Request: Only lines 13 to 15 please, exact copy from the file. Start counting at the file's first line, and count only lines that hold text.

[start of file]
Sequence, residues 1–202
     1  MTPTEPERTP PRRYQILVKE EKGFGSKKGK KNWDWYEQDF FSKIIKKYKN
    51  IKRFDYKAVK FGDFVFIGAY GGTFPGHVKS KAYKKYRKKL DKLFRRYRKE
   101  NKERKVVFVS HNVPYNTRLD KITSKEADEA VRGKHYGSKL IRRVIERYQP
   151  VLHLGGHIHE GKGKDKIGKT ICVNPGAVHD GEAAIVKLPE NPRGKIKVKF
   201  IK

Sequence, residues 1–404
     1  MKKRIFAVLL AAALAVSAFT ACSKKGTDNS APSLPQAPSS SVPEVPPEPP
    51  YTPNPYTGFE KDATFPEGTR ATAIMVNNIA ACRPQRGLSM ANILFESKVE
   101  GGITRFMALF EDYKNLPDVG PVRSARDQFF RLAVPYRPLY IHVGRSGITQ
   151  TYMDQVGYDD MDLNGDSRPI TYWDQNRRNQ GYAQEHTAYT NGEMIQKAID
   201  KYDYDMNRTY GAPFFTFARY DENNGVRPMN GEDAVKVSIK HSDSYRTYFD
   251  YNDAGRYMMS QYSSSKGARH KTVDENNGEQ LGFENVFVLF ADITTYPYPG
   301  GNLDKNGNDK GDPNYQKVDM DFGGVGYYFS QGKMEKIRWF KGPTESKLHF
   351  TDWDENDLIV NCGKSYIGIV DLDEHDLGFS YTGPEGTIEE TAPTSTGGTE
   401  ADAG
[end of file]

   251  YNDAGRYMMS QYSSSKGARH KTVDENNGEQ LGFENVFVLF ADITTYPYPG
   301  GNLDKNGNDK GDPNYQKVDM DFGGVGYYFS QGKMEKIRWF KGPTESKLHF
   351  TDWDENDLIV NCGKSYIGIV DLDEHDLGFS YTGPEGTIEE TAPTSTGGTE